The Kentucky Senate has unanimously passed a bill to restrict the use of "no-knock" warrants – in a police-reform effort following the death last year of Louisville resident Breonna Taylor, who was fatally shot by police who had such a warrant to enter her apartment.
The proposal states that no-knock warrants would only be permitted upon "clear and convincing evidence" that the "crime alleged is a crime that would qualify a person, if convicted, as a violent offender".
The warrants would have to be done from 6 a.m. to 10 p.m. The bill currently awaits input from the House, according to the Associated Press.
Taylor, a black woman, was shot in her home by police in March 2020 during a raid that occurred after midnight. Police were looking for a suspect in a drug case and say they announced their presence before entering the apartment, despite having a no-knock warrant. Some witnesses have disputed the statement.
Taylor's death resulted in protests throughout last summer as part of the Black Lives Matter movement, with many protesters demanding an end to such warrants.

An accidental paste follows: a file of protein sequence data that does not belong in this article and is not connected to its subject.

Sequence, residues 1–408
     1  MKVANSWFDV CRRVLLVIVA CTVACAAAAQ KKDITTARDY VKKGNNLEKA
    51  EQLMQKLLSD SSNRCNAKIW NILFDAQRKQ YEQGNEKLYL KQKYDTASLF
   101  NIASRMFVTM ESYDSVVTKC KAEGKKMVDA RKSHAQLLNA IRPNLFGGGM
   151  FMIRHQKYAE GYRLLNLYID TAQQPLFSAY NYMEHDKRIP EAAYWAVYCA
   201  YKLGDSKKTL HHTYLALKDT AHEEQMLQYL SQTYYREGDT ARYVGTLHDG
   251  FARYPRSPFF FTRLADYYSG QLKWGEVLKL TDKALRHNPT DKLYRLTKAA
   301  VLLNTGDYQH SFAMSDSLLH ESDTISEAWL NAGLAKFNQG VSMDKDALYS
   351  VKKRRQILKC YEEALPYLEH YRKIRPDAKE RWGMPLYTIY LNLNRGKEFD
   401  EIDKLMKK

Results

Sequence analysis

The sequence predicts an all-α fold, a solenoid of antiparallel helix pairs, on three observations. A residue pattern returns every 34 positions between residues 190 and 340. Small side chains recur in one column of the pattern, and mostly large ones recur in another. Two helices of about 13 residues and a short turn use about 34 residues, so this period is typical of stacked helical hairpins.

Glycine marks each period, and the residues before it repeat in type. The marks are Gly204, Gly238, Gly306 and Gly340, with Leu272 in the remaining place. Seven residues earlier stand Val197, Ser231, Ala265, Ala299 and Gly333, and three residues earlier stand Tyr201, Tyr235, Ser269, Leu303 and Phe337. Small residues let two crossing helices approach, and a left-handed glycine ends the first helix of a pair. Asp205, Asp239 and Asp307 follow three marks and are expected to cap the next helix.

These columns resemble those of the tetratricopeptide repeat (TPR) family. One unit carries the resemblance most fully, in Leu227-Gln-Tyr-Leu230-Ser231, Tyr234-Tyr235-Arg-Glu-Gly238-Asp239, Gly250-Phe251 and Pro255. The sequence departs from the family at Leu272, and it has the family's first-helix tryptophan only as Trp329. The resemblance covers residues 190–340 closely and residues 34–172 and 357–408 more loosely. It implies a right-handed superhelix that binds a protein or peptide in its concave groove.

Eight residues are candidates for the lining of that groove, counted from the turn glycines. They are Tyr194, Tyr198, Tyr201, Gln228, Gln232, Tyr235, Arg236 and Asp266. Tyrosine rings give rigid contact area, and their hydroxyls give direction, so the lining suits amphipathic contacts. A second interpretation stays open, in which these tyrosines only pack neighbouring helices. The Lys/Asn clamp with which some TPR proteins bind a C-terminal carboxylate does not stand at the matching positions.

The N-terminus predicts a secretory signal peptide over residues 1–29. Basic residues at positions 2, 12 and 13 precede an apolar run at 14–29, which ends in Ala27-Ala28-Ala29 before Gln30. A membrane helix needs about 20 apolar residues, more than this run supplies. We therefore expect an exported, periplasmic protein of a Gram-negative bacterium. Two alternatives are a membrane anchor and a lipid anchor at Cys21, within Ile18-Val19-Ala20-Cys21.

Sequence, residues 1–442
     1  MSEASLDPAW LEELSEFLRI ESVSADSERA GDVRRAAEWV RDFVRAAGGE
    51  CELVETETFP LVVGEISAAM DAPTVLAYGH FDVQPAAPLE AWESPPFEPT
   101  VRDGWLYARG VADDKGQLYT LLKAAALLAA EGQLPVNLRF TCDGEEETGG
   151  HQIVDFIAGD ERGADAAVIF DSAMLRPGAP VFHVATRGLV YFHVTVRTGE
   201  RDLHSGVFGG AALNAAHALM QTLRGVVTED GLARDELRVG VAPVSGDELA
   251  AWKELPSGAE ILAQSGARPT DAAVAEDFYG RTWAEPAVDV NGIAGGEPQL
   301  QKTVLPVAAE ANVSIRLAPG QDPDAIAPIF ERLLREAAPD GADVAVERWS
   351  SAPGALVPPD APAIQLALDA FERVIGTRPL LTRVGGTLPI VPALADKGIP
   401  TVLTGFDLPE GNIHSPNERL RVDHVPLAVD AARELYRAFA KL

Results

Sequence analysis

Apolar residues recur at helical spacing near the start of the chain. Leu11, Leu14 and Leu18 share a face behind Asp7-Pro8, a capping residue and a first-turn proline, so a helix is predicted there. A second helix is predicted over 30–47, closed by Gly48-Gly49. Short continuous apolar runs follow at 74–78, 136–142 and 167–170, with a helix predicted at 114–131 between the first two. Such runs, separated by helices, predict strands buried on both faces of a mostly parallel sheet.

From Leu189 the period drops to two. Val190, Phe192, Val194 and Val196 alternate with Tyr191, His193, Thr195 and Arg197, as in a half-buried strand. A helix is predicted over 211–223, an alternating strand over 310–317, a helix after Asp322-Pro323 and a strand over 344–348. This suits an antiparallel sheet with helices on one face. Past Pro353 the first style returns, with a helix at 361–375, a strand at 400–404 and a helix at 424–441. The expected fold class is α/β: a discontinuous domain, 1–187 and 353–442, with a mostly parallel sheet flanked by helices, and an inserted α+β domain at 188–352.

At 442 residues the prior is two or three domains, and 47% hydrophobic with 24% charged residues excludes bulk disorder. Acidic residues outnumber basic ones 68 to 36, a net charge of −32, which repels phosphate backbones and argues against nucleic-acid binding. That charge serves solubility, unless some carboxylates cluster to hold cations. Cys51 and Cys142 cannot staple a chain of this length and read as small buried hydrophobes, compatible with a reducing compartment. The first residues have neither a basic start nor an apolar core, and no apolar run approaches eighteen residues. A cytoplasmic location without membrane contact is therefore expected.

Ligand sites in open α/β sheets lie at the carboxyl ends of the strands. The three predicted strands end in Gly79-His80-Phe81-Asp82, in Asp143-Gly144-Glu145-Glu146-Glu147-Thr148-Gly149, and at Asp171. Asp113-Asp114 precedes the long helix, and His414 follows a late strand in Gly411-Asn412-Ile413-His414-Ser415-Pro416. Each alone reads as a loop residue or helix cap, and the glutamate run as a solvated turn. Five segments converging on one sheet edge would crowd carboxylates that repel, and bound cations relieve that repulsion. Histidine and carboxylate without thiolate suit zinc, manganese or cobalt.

A grand jury indicted one officer for charges of wanton endangerment for shooting into a neighbor’s apartment during the raid. However, none of the officers has been charged in connection to Taylor's death.
"If this law had been in place and the officers followed it ... this young lady would be here," said Republican Senate President Robert Stivers, who sponsored the bill.
Metro Council in Louisville, where Taylor was residing, prohibited no-knock warrants in June 2020.
The bill also requires police to take additional steps to be issued no-knock warrants in the few situations in which they are still permitted.
Stivers said on the Floor that no-knock warrants were still important in cases where terrorism, weapons of mass destruction and kidnapping were being investigated.
Democratic state Sen. Gerald Neal gave the bill his approval but said that it is not enough and more would be required in order to improve race relations and policing in the state of Kentucky.
"The problems we face go deeper than 'no-knocks' " said Neal, who is black. "Our problems are broader, they are deeper. They’re going to require a long-term willingness to understand and do those things that serve us all."